Monica Lewis-Patrick is the charismatic, energetic point guard of the group, fueled by the Holy Ghost and her morning standard: a cup of coffee sweetened with four sugar packets. Lewis-Patrick, who’s a grandmother and the mother of two teenage daughters, lost her bid for city council two years ago by a few hundred votes. A few weeks later, she lost her only son to gun violence.
Cecily McClellan, the quiet, confident, all-business power forward of Team WPD, is a retired city employee and former vice-president of the Association of Professional and Technical Employees.
I spoke with them at WPD headquarters on the third floor of St. Peter’s Episcopal Church—a stone’s throw from a downtown getting a corporate facelift financed by public bonds, subsidies, and tax abatements to draw companies in from the suburbs, while many residents struggle just to survive and keep their homes. —Tommy Airey
Tommy Airey: Let’s get this straight: Are you advocating for free water for low-income Detroiters?
Monica Lewis-Patrick: Free water has never been the ask. Personally, I’m not opposed to free water. I believe that water is a human right, and that everyone should have access to it. But the ask here in Detroit has always been for affordable water.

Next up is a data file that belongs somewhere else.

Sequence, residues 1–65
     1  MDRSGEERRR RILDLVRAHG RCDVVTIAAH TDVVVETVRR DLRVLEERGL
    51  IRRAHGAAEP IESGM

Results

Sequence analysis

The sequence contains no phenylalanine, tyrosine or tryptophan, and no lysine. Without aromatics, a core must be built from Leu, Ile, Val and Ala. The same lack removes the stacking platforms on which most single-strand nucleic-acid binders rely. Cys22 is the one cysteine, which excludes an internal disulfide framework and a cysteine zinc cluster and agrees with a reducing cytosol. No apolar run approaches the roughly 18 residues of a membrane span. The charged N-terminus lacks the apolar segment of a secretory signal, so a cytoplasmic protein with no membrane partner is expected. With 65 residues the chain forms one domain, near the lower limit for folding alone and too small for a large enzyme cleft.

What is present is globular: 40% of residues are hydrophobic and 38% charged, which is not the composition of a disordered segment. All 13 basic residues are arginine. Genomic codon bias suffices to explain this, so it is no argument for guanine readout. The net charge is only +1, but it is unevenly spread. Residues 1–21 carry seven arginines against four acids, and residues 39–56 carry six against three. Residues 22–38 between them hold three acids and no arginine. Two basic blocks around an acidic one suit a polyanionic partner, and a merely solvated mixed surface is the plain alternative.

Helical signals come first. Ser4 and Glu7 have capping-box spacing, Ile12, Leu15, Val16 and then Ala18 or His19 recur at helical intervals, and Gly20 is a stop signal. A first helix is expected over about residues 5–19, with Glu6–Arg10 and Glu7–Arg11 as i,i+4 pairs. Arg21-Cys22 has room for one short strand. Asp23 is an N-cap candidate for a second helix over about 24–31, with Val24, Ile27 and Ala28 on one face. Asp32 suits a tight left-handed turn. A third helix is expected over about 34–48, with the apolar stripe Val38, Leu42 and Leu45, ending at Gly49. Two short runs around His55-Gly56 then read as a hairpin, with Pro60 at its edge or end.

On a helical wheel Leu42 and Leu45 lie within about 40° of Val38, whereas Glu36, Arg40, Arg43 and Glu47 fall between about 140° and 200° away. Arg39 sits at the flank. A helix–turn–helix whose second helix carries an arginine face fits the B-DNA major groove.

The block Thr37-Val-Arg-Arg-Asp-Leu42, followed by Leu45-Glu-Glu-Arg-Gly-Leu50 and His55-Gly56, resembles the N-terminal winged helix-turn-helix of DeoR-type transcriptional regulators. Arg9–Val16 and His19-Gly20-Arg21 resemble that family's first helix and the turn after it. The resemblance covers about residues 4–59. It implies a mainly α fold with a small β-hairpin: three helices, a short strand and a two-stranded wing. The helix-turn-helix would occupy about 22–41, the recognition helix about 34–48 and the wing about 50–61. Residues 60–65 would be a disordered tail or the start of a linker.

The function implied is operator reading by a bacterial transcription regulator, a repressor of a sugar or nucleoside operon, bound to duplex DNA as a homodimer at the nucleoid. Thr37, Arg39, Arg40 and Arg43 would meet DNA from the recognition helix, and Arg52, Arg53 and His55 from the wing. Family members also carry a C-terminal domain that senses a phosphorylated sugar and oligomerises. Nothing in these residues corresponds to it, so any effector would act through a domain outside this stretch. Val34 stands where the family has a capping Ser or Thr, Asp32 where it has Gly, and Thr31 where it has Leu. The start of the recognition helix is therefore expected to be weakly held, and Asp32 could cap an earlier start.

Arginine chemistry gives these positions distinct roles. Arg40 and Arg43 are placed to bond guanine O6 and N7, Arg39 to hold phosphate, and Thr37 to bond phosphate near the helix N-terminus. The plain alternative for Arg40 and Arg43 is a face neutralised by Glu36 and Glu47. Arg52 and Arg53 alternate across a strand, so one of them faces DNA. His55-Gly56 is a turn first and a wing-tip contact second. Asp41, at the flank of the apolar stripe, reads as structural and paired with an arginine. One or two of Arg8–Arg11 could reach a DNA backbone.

What are the mayor’s objections to an affordability plan in Detroit?
Lewis-Patrick: Over the last 11 months, water shut-offs have led to more foreclosures and pushing people out of the city. We believe [city officials] do not want to participate in a water-affordability plan because it would allow more people to stay in the city, especially in communities they want cleared out for future development.
Is this a conspiracy?
Lewis-Patrick: Conspiracy, in my mind, isn’t the appropriate term, because a lot of times people marginalize conspiracy as just somebody’s idea or accusation. What I would say is that it has been a collaborative, well-orchestrated system of evil. We know for a fact, through all the political analysis and economic research that has been done, that the city bankruptcy didn’t have to go down. People saw it as an opportunity to be able to divest from the water department, to weaken the water department intentionally.